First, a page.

Our intuitive, and ultimately wrong, belief is that the world is linear. You will not do well in our complex world if you think “straight.” A linear world has simple rules.
We don’t live in such a world and except in very limited cases, a non-linear world shares none of these traits. Newtonian physics and Euclidean geometry describe our world only so long as the space is no larger or smaller than what we can distinguish with our senses. In society, we mostly disregarded strangers.
Until recently, the disparity did not matter much. People lived in a world with few people who they had known for a long time. Knowledge did not change much. Simple descriptions of space and society became inadequate as people got outside the world of here to the horizon and began to explore tiny spaces like the atom and huge spaces like the universe. We found that classic ideas are merely special cases.
In society, when you interact with people you know or who share your values, old ways work. Old ways work when you have time to consider responses and to communicate slowly. They work if the rules do not change much. They work when cultural values like religion, law, family, career, money and lifetimes are constant and shared.
Electronic communication means we can communicate with almost everyone. We cannot rely on other people being like the ones we know, or like those who live nearby. We cannot count on shared values. We cannot count on sharing a logic system. We cannot count on time to decide. Complexity has a price.
The Law of Incompatibility – As complexity increases, meaningful statements lose precision and precise statements lose meaning.
Communicating non-linear ideas is difficult. In finance, compound interest is not intuitive. Probabilities that are tiny seem more real if the outcome is exciting. Bad news sells, good news is buried even though far more common. Statistics are manipulated. Linear ideas limit and the limit works in strange ways.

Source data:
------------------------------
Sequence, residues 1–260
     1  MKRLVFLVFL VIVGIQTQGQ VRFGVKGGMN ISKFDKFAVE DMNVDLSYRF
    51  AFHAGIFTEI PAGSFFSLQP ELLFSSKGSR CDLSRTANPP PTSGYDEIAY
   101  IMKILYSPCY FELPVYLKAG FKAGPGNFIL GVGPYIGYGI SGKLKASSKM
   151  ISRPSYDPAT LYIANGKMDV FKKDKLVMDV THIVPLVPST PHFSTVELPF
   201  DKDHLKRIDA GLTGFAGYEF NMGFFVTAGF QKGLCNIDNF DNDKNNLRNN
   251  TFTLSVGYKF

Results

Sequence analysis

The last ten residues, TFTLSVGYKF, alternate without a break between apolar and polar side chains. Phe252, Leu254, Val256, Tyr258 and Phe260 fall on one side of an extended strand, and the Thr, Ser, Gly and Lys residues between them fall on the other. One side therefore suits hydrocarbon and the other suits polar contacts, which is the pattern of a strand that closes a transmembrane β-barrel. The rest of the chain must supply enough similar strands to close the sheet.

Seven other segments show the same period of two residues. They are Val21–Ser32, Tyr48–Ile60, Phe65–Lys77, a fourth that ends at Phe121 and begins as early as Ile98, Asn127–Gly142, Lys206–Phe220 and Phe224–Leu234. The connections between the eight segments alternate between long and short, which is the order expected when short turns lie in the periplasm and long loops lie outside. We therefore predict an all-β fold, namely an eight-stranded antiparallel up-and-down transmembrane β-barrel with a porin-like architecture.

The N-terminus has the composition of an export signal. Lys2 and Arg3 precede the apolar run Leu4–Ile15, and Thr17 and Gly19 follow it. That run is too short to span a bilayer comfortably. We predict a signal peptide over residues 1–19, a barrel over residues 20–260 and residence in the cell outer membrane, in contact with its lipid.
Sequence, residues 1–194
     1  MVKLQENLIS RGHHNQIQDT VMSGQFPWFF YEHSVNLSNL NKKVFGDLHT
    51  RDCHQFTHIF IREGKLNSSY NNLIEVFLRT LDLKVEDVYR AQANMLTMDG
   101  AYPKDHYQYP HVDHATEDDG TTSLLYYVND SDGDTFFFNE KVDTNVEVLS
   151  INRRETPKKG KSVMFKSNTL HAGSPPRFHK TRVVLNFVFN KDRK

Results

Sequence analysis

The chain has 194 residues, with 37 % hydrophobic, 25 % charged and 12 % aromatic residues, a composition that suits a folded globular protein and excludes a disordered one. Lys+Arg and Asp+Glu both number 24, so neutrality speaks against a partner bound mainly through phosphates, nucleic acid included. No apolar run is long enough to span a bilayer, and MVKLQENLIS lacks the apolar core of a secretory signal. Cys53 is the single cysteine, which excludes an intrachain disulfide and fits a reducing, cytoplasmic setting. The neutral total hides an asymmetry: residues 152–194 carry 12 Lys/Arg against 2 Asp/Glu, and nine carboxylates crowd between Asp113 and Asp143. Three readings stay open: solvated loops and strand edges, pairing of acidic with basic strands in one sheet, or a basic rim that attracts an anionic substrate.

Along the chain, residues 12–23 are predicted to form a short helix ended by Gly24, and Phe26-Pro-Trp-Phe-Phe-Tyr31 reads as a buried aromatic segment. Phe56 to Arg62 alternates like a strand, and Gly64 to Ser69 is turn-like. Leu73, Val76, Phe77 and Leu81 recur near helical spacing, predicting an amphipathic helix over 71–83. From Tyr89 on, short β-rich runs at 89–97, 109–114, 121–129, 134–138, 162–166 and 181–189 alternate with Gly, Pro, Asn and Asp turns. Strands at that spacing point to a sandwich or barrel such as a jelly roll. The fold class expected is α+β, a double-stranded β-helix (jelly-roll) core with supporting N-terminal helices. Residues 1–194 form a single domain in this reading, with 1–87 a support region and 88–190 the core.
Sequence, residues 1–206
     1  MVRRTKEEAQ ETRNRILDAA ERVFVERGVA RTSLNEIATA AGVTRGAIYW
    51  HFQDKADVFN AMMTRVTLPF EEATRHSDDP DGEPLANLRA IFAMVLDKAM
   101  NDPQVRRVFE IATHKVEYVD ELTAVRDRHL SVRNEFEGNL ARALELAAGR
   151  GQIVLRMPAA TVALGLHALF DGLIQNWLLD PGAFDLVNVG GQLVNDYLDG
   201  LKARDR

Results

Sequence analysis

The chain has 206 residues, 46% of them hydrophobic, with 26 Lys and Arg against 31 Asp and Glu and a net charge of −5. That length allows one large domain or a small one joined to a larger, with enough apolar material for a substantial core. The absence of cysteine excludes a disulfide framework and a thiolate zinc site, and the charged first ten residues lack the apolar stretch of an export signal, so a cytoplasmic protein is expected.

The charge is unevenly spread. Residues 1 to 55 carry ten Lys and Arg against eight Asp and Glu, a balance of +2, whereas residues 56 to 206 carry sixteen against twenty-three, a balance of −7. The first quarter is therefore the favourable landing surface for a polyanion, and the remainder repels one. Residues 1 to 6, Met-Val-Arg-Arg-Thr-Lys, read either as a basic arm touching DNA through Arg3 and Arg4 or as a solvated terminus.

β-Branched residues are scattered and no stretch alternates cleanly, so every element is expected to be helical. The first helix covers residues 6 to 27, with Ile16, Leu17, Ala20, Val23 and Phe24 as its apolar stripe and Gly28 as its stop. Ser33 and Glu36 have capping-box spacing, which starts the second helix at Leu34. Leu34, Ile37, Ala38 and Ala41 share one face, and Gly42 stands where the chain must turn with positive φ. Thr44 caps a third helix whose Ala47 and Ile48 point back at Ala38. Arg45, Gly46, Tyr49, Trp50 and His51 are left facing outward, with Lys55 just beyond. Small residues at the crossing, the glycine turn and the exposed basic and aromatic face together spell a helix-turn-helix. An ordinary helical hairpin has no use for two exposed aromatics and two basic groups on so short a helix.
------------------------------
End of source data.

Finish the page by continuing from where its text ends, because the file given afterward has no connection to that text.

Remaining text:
Suppose you knew a language but not the verb form to describe the future. Could you communicate something like education, or anything else with present costs and future rewards? Insurance, investment and saving have no immediate value. How would you explain those?
You need a way to describe the idea of payoff and without a future tense, you cannot.
Stories, jokes, anecdotes and examples help. When you know too little of the listener’s values and experience, you must communicate indirectly. A story with a message allows the people to connect to the fundamental idea in their slightly different way. Once they connect, communication is possible.
Financial advice is personal. Big words, complex product and tax effects are not part of everyday life. They confuse. Financial advice is about people. The dentist who became disabled, the young father who died in a car accident, the seniors who lost their savings, and the success of those who find their way through the maze. Usually with help. Tell stories. Your own stories. Connect at a human level.
Providing financial advice is a worthy profession. Communicate meaning and the rest follows.
Don Shaughnessy arranges life insurance for people who understand the value of a life insured estate. He can be reached at The Protectors Group, a large insurance, employee benefits, and investment agency in Peterborough, Ontario. In previous careers, he has been a partner in a large international public accounting firm, CEO of a software start-up, a partner in an energy management system importer, and briefly in the restaurant business.
Please be in touch if I can help you. email@example.com 866-285-7772